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Recognizing a Need for Help

Recognizing when a peer is struggling with anxiety or depression is sometimes difficult. Fellow students, classmates, dorm residents, the person who sits next to you in church or your service/social club, plays athletics with you or sits by themselves in your dining area may struggle with worry, depression, loneliness and even thoughts of death or suicide.

Some common signs that might suggest a peer’s need for help include when they:

  • Make comments about wanting to die, kill themselves or someone else, or death in general
  • Do not see solutions to their problems/feel trapped
  • Isolate/withdraw from friends, family or groups
  • Express hopelessness
  • Say that there is no purpose or reason to live
  • Start collecting pills, weapons or ropes
  • Increase consumption of alcohol and/or drugs
  • Express intense physical or emotional pain
  • Experience mood changes such as bouts of crying, agitation, anger
  • Take risks that put them in harm’s way, such as driving recklessly or are out late in unsafe places
  • Start saying goodbye to people at inappropriate times
  • Have major sleep issues (beyond the college norm)
  • Give away personal items of importance to them or get affairs in order

Getting Help – Connect, Ask, Stay
There are ways that you can help your friends, family or peers in need. First, connect with the person. Ask how they are doing. Specifically, ask if the person is having any thoughts of hurting or killing themselves or anyone else. All of the above signs are common in people with suicidal ideation. Asking shows concern; asking does not appear to increase suicidal thoughts. Do not promise to keep suicidal thoughts a secret. Let them know you want to assist them in getting help. Stay with them until you get them to help if you are with someone who is talking about killing themselves.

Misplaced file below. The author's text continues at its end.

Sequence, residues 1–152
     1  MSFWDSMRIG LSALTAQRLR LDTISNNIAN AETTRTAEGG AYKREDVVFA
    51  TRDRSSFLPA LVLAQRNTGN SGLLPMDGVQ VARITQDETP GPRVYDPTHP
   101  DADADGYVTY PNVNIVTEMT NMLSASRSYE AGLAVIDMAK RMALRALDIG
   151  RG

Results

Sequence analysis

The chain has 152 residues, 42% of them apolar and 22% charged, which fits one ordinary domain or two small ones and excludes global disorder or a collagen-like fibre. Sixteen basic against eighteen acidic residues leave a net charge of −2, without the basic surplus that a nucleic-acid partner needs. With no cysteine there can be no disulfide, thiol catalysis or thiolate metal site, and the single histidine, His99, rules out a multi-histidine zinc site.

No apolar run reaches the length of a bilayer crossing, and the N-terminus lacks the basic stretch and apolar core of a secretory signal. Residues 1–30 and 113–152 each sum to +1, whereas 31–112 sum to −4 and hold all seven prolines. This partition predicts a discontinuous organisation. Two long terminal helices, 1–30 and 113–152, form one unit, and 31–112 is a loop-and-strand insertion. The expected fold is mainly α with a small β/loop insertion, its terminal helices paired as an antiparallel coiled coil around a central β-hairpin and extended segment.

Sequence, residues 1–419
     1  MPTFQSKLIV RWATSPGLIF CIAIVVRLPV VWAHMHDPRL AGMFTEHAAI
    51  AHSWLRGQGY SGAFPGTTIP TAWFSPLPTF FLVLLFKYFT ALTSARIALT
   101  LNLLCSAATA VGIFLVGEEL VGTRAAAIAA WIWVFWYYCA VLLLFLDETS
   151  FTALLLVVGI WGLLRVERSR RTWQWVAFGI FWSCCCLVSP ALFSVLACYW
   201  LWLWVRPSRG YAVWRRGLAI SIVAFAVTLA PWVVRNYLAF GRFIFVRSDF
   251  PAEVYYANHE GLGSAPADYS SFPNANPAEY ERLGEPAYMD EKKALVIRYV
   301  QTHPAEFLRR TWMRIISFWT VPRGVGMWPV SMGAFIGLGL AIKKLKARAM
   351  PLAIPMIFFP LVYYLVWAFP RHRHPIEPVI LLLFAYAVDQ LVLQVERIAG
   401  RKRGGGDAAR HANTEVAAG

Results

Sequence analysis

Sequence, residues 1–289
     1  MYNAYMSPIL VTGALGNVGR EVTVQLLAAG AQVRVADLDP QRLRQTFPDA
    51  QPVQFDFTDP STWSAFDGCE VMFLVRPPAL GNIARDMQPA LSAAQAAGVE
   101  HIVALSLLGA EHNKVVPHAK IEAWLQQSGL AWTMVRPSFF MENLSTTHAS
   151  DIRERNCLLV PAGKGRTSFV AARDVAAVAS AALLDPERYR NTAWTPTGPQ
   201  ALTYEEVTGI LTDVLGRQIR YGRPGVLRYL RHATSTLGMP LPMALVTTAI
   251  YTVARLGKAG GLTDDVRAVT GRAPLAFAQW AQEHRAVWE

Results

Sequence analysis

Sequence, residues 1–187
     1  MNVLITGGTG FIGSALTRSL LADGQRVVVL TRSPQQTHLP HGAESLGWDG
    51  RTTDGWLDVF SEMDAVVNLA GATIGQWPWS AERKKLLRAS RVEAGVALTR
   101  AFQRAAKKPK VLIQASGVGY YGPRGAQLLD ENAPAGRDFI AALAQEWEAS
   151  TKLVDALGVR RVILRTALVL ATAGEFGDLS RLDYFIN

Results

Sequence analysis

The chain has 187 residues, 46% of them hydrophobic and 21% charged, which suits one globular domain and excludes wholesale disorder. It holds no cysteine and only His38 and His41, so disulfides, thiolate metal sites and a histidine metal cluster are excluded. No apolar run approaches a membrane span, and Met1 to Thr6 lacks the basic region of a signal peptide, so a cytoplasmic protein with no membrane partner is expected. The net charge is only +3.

For campus resources, find the numbers below for your university:

  • Campus Police 24 hr #
  • 911
  • TimelyMD (24 hours): Login at or call 833-484-6359
  • Campus Counseling Center
  • Psychology Clinic
  • Marriage & Family Institute
  • Title IX Office for Sexual Violence
  • Dorm Supervisor/Housing Director

If a person is in moderate distress and not having thoughts of killing themselves or someone else, support them while they get help. For example, have them call the campus counseling center or login to TimelyMD (24 hours) or another campus resource for an appointment.

Besides professional support, if the person has another friend, family member, church member/pastor, dorm supervisor, faculty or staff that seems supportive to them, suggest they contact that person.

When a person is in distress, they need a sense of connection, support and belonging. See the powerful video below, “You Belong,” by Mental Health of America Texas.

Follow up
Following up may include walking with your friend to their appointment at the counseling center, making a time to meet for a coffee/snack or meal, meeting after class, inviting them to a social or church gathering or calling them to see how life is going. If you ask how they are doing, it’s important to be ready to listen. When someone is down, ask about what is going well. Recognizing even small positive happenings is helpful!

Mental Health of America Texas. You Belong. Video developed under Contract No. 2012-039469-001 for Texas Department of State Health Services (DSHS) to Mental Health America of Texas (MAAT).

Texas Suicide Prevention Council (2019). ASK? Ask About Suicide to Save a Life.

U.S. Department of Health and Human Services, National Institutes of Health, National Institute of Mental Health (2018). Suicide in America: Frequently Asked Questions (NIH Publication No. 18-6389). Retrieved from http//

Written by:
Dr. Jan
Janice A. Hall Ph.D.
Director of Mental Health/TimelyMD

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